CHP dubs changes in Turkey’s press card regulation ‘censorship’

CHP dubs changes in Turkey’s press card regulation ‘censorship’

CHP dubs changes in Turkey’s press card regulation ‘censorship’

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A Republican People’s Party (CHP) deputy has questioned recently passed amendments in Turkey’s press card regulations, claiming that they will further “increase censorship” in the country.

“It is thought that the amendments may put press cards under the supervision of the bureaucracy, increase censorship, and bring press freedom under the government’s control,” CHP Istanbul deputy Gürsel Tekin said in a motion filed on Aug. 27.

“On which grounds is the Press Card Commission being taken under state control? Were the opinions of professional organization consulted regarding the predicted changes? Which news reports are aimed at being hidden from public by obliging the director-general to approve decisions of the Press Card Commission?”

Tekin asked government officials in his motion, regarding amendments published in the Official Gazette on Aug. 26. 

“Even though easier access to release of press cards is mentioned, isn’t the real purpose of this amendment aiming to put the granting of these cards under the state’s control? On which grounds was it decided that indefinite press cards could be given to non-journalists of the [state-run] Anadolu Agency and TRT [public broadcaster, the Turkish Radio and Television Corporation], which led to public concern regarding their independence? Is it ethical that such a comprehensive decision was taken in haste by a transition government?” he asked.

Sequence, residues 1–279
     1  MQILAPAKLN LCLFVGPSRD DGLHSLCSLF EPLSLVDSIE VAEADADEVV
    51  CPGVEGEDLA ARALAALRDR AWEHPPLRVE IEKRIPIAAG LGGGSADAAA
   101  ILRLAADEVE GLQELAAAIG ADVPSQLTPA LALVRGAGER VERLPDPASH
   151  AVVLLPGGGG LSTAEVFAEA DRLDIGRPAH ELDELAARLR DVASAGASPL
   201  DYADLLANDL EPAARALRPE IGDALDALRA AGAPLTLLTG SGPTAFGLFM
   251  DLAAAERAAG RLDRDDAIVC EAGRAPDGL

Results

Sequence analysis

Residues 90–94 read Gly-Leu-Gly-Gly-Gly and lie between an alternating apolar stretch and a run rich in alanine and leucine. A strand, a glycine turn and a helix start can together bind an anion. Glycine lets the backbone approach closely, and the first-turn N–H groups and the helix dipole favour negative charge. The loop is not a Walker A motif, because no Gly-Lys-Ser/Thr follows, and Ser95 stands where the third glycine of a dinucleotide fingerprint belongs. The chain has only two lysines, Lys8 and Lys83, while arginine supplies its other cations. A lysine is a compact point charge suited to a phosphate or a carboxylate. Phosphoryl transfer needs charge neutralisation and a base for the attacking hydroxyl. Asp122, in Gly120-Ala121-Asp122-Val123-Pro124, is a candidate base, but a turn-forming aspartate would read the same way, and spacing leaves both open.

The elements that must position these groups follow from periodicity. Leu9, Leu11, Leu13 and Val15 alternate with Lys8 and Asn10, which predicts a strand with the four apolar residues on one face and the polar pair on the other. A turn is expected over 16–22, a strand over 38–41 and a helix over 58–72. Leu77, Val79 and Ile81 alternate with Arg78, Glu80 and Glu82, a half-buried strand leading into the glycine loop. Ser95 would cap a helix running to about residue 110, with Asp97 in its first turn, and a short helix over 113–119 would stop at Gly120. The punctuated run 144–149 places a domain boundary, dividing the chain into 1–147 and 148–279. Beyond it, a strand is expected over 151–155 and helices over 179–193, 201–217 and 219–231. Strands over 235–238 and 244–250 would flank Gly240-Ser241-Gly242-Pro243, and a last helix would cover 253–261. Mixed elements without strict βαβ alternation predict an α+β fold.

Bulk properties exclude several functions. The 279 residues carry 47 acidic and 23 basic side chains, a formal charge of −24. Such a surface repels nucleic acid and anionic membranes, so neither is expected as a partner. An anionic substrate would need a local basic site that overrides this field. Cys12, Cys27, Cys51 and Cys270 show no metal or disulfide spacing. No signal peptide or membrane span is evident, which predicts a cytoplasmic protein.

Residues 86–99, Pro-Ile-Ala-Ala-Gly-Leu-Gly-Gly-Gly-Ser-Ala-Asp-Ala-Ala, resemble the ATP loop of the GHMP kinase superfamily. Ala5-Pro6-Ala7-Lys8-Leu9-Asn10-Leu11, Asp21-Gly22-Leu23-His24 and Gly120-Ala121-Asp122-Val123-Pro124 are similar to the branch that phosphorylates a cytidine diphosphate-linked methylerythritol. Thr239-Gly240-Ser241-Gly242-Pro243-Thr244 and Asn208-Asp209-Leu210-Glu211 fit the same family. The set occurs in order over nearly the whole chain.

According to the amendments initiated by the Prime Ministry’s Directorate General of Press and Information (BYEGM), deputy prime ministers will be given all the benefits that Turkish journalists who have indefinite press cards currently enjoy.

Indefinite press cards previously could only be given to journalists with 20 years of experience in the media sector.

The new amendment also allows non-journalist employees of state-run media institutions such Anadolu Agency and TRT to get press cards, an unprecedented move in Turkish history.

The criteria for forming the committee authorized to issue press cards, consisting of representatives from several journalism organizations for about 50 years, will also be changed with the amendment. As a result, the BYEGM will have more bearing on decisions, getting the right to assign most members of the committee rather than the right to name just two, which it previously had.